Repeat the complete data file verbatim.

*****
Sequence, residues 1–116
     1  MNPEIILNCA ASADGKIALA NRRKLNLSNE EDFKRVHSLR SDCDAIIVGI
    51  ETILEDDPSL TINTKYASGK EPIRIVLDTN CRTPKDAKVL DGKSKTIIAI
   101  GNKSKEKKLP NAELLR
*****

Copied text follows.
Sequence, residues 1–116
     1  MNPEIILNCA ASADGKIALA NRRKLNLSNE EDFKRVHSLR SDCDAIIVGI
    51  ETILEDDPSL TINTKYASGK EPIRIVLDTN CRTPKDAKVL DGKSKTIIAI
   101  GNKSKEKKLP NAELLR